I congratulate my hon. Friend Jonathan Evans on his speech, and on all his work in this area. I have certainly enjoyed working with him during his last few months in the House. He is well known as a strong supporter of the mutual movement, and has spent many years as the chairman of the all-party parliamentary group for mutuals, promoting the sector.
I thank my hon. Friend for piloting this Bill on an important and valuable issue, and for securing a prompt date for Third Reading. The Bill started in the other House, where it also had cross-party support. I congratulate my noble Friend Lord Naseby on his work to promote the merits of the Bill. The Government support the key aim of the Bill, which is to provide friendly societies and mutual insurers with the means of raising external capital in a way that does not impinge on their mutual status. I am grateful to my right hon. Friend Sir Tony Baldry for withdrawing his amendments, and would like to record my personal gratitude to him, as my constituency neighbour, and wish him a happy retirement from this place.
Access to capital and credit is the lifeblood of any company. It poses a specific issue for mutuals, as they are designed to serve their members, and were not designed with capital investors in mind. Unlike other firms, mutuals cannot issue shares, which deprives them of access to the equity markets. This means that, in broad terms, mutuals access their regulatory capital from retained earnings and by issuing subordinated debt. This long-term approach is often seen as a strength of the sector, but mutuals have long made the case that the restrictions on accessing external capital can act as a brake on their ability to adapt and respond to new market conditions. The sector has also argued that it limits firms’ ability to secure maximum investment, to develop new and innovative products, and to grow through acquisition.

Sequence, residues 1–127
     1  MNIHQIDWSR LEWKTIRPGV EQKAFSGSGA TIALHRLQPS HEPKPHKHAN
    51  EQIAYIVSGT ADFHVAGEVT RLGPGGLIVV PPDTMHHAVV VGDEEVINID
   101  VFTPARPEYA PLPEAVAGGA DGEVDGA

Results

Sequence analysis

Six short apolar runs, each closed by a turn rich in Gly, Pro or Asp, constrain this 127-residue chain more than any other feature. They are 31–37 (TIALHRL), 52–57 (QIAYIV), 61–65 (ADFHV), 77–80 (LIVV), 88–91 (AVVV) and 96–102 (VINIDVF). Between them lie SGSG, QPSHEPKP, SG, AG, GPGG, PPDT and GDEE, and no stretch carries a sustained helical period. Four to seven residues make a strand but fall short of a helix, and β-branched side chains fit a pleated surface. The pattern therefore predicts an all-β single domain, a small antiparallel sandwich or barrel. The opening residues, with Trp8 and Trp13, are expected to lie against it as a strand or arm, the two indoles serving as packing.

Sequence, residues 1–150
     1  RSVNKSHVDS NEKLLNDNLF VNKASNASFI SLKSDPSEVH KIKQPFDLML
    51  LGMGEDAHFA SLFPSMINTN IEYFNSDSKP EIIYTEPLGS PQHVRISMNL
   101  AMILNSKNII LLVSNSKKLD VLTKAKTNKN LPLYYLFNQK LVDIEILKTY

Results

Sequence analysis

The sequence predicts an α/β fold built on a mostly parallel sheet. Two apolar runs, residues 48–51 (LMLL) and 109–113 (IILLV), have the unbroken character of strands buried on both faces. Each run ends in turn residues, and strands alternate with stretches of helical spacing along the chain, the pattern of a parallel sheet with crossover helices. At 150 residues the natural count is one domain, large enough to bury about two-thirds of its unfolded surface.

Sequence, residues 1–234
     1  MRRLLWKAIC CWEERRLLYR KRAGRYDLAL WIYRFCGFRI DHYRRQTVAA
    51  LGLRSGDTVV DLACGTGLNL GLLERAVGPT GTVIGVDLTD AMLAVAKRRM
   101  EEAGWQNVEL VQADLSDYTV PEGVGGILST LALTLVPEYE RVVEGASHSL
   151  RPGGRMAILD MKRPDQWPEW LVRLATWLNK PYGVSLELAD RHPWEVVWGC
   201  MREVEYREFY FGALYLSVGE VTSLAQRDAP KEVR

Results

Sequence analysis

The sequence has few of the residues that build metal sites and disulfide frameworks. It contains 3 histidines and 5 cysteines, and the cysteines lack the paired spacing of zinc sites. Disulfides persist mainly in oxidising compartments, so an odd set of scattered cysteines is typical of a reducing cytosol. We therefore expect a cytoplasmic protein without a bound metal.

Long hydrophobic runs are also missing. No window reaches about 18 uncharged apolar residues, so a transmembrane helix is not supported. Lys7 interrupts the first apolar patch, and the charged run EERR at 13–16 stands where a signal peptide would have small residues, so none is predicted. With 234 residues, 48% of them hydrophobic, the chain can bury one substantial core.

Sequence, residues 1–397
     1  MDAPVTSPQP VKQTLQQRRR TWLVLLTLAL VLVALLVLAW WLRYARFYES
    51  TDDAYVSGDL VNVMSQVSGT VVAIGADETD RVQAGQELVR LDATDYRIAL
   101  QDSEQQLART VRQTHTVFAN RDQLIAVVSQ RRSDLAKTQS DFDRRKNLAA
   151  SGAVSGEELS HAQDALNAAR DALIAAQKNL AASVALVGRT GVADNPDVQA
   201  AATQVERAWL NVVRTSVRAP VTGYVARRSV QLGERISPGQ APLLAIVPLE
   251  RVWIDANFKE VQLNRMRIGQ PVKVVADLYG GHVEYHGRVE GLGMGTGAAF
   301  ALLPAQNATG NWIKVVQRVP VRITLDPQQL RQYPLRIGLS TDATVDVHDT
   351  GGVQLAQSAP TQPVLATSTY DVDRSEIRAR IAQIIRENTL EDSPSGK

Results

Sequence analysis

The Bill has been carefully drafted to enable friendly societies and mutual insurers to access external capital in a way that does not impact on their mutual status. This enabling Bill would allow friendly societies and mutual insurers to issue a new class of deferred share. The Bill has two substantive clauses. Clause 1 allows Her Majesty’s Treasury to make regulations that would permit friendly societies and mutual insurers to issue new deferred shares. The Treasury will work with the regulators and all interested parties to determine the details and the process for issuing the deferred shares, and to ensure that these instruments are marketed to the appropriate investors.
My answer to Chris Leslie—I apologise for not having an answer for him earlier—is that we will consult the Prudential Regulation Authority and regulators as soon as possible after Royal Assent to ensure that the procedures are right. We will progress with this as soon as the legislative timetable permits.
Clause 1 also sets out the key features of deferred shares, and explains that prior consent of the appropriate authority—either the Prudential Regulation Authority or the Financial Conduct Authority—must be obtained before a friendly society or mutual insurer can issue deferred shares. Clause 2 sets out the conditions that will preserve the mutual status of firms that wish to issue deferred shares. Mutuals will be able to provide membership rights to deferred shareholders, but no friendly society or mutual insurer will grant more than one vote per deferred shareholder, and no deferred shareholder will receive more votes than an ordinary member by virtue of being a deferred shareholder. That will respect and preserve the “one member, one vote” principle of mutual organisations. In addition, the regulations enabled by the Bill will restrict the voting rights of certain members who hold deferred shares, so that they cannot vote in any decisions to transfer, merge or dissolve the mutual. That serves further to protect mutuality. Clause 3 sets out the definitions of terms used in the Bill, and clause 4 contains the title of the Bill, and confirms that the Bill extends to the whole United Kingdom and will come into force when the Treasury makes the regulations provided for in clause 1. The Government can confirm that the Bill raises no human rights issues.
The Government fully support the Bill, which is of course consistent with the commitment in the coalition’s programme to promoting mutuals and fostering diversity in financial services. This short Bill could provide a huge opportunity for the mutual sector. I hope that all Members will be able to support it.
Question put and agreed to.
Bill accordingly read the Third time and passed, without amendment.